Group 4: (4) Jordan Spieth def. (49) Charl Schwartzel, 2 and 1: The top seed in the group scored an early point in a battle between former Masters champs. Spieth never trailed and took control of the match with three straight wins on Nos. 12-14.

    Group 4: (19) Patrick Reed def. (34) Haotong Li, 3 and 2: Reed's much-anticipated match with Spieth is still two days away, but he dispatched of Li in his opener by winning the opening hole and never trailing the rest of the way. Li got to within one of Reed after 10 holes but the American won three of the next five to separate.

    Group 5: (5) Hideki Matsuyama def. (53) Yusaku Miyazato, 2 and 1: This all-Japanese battle went to the group's top seed, as Matsuyama poured in a birdie on the par-3 17th to close out the match. Miyazato got off to a strong start, holding a 2-up lead through six holes, before Matsuyama turned the tables with two birdies over the next three holes.

    Group 5: (46) Cameron Smith def. (30) Patrick Cantlay, 2 up: Smith never trailed in the match, but it turned into a closer contest than it appeared when the Aussie held a 3-up lead with four holes to play. Uihlein won the next two holes, but he couldn't get any closer as Smith earned a critical victory as he looks to earn a Masters spot by staying in the top 50 in the world rankings after this week.

    Group 8: (8) Jason Day def. (56) James Hahn, 4 and 2: Day is a former winner of this event, and he separated from Hahn on the back nine to score an early point. Hahn offered a concession on No. 13 to fall 3 down, then conceded again on No. 16 to close the match.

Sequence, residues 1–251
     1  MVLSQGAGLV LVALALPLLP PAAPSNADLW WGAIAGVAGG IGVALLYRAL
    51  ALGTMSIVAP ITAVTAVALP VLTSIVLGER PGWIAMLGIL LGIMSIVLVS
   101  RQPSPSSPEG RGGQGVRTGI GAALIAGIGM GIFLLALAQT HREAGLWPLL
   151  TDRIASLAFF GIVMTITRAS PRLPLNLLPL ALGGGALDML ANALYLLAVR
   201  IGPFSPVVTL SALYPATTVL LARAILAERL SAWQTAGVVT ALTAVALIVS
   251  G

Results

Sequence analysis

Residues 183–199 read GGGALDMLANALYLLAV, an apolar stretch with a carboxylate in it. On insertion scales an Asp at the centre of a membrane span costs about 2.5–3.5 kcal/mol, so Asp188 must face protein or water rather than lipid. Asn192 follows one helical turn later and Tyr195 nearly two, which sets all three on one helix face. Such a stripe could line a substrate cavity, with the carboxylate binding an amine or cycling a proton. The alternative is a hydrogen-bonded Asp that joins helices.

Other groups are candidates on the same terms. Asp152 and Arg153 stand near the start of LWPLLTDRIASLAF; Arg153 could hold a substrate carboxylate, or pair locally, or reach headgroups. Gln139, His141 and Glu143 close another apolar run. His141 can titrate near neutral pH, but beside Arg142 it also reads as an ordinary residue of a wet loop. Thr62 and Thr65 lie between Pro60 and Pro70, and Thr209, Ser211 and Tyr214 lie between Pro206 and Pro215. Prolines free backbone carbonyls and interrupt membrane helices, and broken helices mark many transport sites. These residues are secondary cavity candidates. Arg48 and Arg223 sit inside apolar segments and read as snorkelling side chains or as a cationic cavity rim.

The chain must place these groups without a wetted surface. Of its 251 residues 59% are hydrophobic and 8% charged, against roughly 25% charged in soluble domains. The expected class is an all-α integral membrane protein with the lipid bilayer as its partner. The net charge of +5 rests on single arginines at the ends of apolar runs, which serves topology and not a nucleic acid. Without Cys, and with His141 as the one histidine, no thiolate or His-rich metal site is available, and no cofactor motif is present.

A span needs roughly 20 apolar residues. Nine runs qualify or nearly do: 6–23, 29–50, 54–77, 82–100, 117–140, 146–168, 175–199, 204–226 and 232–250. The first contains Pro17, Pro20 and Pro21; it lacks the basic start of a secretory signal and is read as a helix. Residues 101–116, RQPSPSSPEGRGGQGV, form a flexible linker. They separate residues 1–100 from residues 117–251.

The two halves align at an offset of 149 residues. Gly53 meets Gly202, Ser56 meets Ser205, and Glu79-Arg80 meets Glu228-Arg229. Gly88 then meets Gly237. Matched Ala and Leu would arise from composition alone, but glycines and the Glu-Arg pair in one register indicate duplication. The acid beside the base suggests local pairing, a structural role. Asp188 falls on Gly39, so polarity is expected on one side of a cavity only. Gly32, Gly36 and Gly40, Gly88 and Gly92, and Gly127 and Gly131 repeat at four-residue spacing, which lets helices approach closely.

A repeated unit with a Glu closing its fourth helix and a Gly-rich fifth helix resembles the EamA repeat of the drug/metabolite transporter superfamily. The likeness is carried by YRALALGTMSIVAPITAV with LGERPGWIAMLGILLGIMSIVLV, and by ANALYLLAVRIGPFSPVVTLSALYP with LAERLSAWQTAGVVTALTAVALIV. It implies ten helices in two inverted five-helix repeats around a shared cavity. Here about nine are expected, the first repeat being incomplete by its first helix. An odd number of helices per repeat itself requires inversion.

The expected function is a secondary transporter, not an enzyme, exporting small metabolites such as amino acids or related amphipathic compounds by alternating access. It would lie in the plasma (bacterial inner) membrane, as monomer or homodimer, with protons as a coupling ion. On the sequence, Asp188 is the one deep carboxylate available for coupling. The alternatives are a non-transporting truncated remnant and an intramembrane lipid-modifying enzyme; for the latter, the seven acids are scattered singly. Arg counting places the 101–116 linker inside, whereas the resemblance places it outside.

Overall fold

Group 9: (58) Ian Poulter def. (9) Tommy Fleetwood, 3 and 2: The match between Englishman went to the veteran, as Poulter took his putter from the 2012 Ryder Cup out of the closet and put it to quick use. Fleetwood won only two holes during the match, none after the eighth hole, and he now faces the prospect of early elimination as the group's top seed.

    Group 9: (33) Kevin Chappell def. (26) Daniel Berger, 3 and 2: Chappell and Berger were Presidents Cup teammates in the fall, but the opener went to Chappell. Berger won the 13th hole to draw all square, but Chappell reeled off three straight birdies on Nos. 14-16 in response to close out the match.

    Group 12: (12) Tyrrell Hatton def. (55) Alexander Levy, 3 and 2: Hatton won the opening hole with a par and never trailed the rest of the way. Levy's win on the eighth hole proved to be his only victory of the day, as Hatton barely had to break a sweat after building a 3-up lead through five holes.

    Group 12: (36) Brendan Steele def. (22) Charley Hoffman, 1 up: Steele never trailed in the match and at one point held a 4-up lead, but coming down the stretch it took everything he had to keep Hoffman at bay. Hoffman won four in a five-hole stretch from Nos. 13-17, but a par on the final hole was enough to give Steele the full point.

    Group 13: (61) Kevin Na def. (13) Alex Noren, 4 and 2: The biggest upset from the early matches came here, as Na turned a close contest into a blowout. The two men were all square after 11 holes, but Na won three of the next four and then closed out the match when Noren conceded on the par-5 16th.

    Group 13: (29) Tony Finau def. (39) Thomas Pieters, 2 and 1: Two of the longest hitters in the field squared off in this tilt, with Finau notching a full point despite losing two of the first three holes. The American birdied the 15th to take a 2-up lead, then closed out Pieters with a par on the 17th hole.

    Group 15: (15) Pat Perez vs. (50) Si Woo Kim, halved: The first match of the day ended up in a draw, as the top seed rallied from a deficit to salvage half a point. Kim won three of the first six holes and held a 3-up lead with seven holes to go, but Perez fought back with four birdies over the next six holes to draw even.

    Group 15: (24) Gary Woodland vs. (37) Webb Simpson, halved: This group remains entirely up for grabs since nothing was decided on the opening day. Woodland took a 3-up lead at the turn, but Simpson rallied by winning four of the next seven holes, including a birdie on No. 17 that brought him back to all square for the first time since the third hole.